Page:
“There’s no business these days,” says Malik Umair, who works at a shop in Urdu Bazaar. “People just don’t have the money to spare.”
Pakistan is, of course, gearing up for general elections on May 11, and whichever party comes to power will have a handful to deal with the economic problems. Nawaz Sharif, the leader of the PML-N and a man tipped to be next prime minister, said the country is “a mess”.
Sharif’s PML-N is campaigning with the economy at the centre of its strategy, banking on voters to look to its record in government in Punjab, Pakistan’s largest province, and previous experience implementing reforms that liberalised an economy the party feels is over-regulated.
Muhammad Shahid, 37, says that he’s been making a large profit selling elections-related merchandise over the last two weeks [Asad Hashim/ Al Jazeera]
The party’s manifesto promises to double the current GDP growth rate of around three percent to over six percent in the next five years. The PML-N’s strategy focuses on trickle-down economics, by allowing businesses to grow and create jobs, which, in turn, the party argues, will address other issues. Its focus, according to its manifesto, will be on the industrial and manufacturing sectors.
The incumbent Pakistan People’s Party (PPP), meanwhile, considers itself a left-leaning socialist party, and has promised to address economic challenges by supporting the country’s working classes, leading its manifestowith programmes for providing adequate healthcare, housing and income support for the country’s poor. Its proposed economic policy is also more geared towards implementing reforms in the agriculture sector.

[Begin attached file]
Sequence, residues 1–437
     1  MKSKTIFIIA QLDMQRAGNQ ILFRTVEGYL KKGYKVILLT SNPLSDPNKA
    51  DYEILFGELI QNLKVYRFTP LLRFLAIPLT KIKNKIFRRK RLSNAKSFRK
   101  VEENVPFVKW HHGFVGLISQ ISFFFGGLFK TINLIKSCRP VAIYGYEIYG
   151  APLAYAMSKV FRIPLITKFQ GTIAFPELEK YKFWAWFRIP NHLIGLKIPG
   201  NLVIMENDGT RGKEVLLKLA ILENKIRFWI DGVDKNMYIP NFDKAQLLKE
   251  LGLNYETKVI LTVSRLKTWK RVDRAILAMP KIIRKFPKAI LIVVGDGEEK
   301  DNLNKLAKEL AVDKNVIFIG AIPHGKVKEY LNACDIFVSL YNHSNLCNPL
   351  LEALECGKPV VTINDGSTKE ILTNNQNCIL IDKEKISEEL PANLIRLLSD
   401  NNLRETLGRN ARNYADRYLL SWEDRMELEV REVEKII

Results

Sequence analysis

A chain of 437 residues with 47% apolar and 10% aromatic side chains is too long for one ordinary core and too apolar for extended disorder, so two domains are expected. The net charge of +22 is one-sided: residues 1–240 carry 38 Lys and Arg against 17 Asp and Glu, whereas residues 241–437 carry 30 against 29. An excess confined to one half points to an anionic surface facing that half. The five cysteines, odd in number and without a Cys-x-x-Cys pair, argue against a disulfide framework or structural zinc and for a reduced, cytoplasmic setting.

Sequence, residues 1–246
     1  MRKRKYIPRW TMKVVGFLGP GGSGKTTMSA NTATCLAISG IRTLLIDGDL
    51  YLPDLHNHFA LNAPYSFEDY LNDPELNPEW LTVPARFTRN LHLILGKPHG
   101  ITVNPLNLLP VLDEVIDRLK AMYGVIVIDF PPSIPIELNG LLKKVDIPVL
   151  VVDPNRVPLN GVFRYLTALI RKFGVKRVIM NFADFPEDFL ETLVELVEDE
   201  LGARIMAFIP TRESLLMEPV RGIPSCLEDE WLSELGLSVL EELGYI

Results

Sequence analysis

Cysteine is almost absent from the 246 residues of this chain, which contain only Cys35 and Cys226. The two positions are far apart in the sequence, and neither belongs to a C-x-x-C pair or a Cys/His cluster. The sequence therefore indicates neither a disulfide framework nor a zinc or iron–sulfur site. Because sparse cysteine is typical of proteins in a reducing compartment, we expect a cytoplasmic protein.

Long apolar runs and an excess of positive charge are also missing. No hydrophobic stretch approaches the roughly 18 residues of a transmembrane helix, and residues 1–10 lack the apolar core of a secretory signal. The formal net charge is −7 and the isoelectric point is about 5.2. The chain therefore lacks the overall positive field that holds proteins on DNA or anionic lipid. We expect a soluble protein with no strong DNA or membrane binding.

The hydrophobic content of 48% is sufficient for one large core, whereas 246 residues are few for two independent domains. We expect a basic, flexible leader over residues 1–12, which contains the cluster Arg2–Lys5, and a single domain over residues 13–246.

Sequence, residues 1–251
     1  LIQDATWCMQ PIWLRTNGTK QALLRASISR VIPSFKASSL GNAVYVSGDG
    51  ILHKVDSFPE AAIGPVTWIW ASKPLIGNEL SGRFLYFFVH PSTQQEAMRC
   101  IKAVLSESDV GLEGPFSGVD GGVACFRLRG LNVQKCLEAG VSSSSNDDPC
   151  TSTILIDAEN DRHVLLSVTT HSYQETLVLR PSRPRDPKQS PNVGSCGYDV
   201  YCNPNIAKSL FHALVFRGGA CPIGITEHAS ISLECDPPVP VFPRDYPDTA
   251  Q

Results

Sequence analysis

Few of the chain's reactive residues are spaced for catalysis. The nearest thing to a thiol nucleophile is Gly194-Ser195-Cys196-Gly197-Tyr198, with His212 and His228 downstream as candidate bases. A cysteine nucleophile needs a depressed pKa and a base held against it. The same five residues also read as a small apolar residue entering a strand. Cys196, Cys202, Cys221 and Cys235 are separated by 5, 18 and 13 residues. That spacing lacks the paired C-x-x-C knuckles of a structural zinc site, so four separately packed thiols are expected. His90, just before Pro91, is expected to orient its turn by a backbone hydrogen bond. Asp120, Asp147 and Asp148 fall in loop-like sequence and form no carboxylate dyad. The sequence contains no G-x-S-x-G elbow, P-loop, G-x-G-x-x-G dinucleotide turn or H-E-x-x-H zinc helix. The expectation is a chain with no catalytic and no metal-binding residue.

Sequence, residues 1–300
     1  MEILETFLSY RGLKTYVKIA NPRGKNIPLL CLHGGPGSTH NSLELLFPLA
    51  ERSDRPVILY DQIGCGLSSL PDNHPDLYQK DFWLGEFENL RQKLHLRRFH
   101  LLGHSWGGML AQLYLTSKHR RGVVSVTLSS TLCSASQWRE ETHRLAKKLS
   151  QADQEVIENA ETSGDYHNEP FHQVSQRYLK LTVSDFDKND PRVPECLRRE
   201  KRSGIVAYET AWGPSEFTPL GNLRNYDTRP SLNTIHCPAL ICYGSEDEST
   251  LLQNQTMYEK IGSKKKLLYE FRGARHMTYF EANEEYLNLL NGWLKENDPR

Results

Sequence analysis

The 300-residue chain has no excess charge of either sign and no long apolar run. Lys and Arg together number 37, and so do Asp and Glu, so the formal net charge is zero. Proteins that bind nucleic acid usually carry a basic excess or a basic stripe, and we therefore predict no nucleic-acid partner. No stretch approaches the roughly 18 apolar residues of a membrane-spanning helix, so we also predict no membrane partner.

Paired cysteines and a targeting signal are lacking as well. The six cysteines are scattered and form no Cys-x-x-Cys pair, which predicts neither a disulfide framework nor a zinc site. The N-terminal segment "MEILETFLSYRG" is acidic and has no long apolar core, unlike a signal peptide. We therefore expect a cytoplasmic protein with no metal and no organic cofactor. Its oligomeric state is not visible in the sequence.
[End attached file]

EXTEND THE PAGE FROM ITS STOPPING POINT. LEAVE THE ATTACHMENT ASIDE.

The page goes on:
The Pakistan Tehreek-e-Insaf (PTI), the party led by cricketer-turned-politician Imran Khan and the wildcard in this year’s election race, meanwhile, promises a blend of both approaches.
“We will reprioritise the Pakistani economy away from the elites and towards the masses,” Asad Umar, a senior vice-president of the PTI, told Al Jazeera.
“We will ensure that we collect taxes from the country’s rich and powerful elite,” he said. Currently, only about one percent of the country’s population pays income tax. He pledged, however, that his party would not impose additional taxes on productive sectors.
The revenue generated through the collection of income tax, coupled with government spending cuts in non-social welfare sectors would fuel new social welfare programmes and targeted investments in electricity and infrastructure development, Umar said.
Meanwhile, far from the think tanks and policy committees, the entrepreneurial spirit of the eight-year-old Naqi is still alive and well. Over the last month, dozens of shops have sprung up all over Lahore, selling elections campaign-related merchandise – everything from pins and badges (for about $0.40 each) to gigantic flags ($2.44), from T-shirts ($3.05) to stuffed soft toys in the shape of party election symbols.
“With the amount of money that I’m making right now,” says Muhammad Imran, 30, the owner of one such shop, “we could have built a whole bridge!”
Follow Asad Hashim on Twitter: @AsadHashim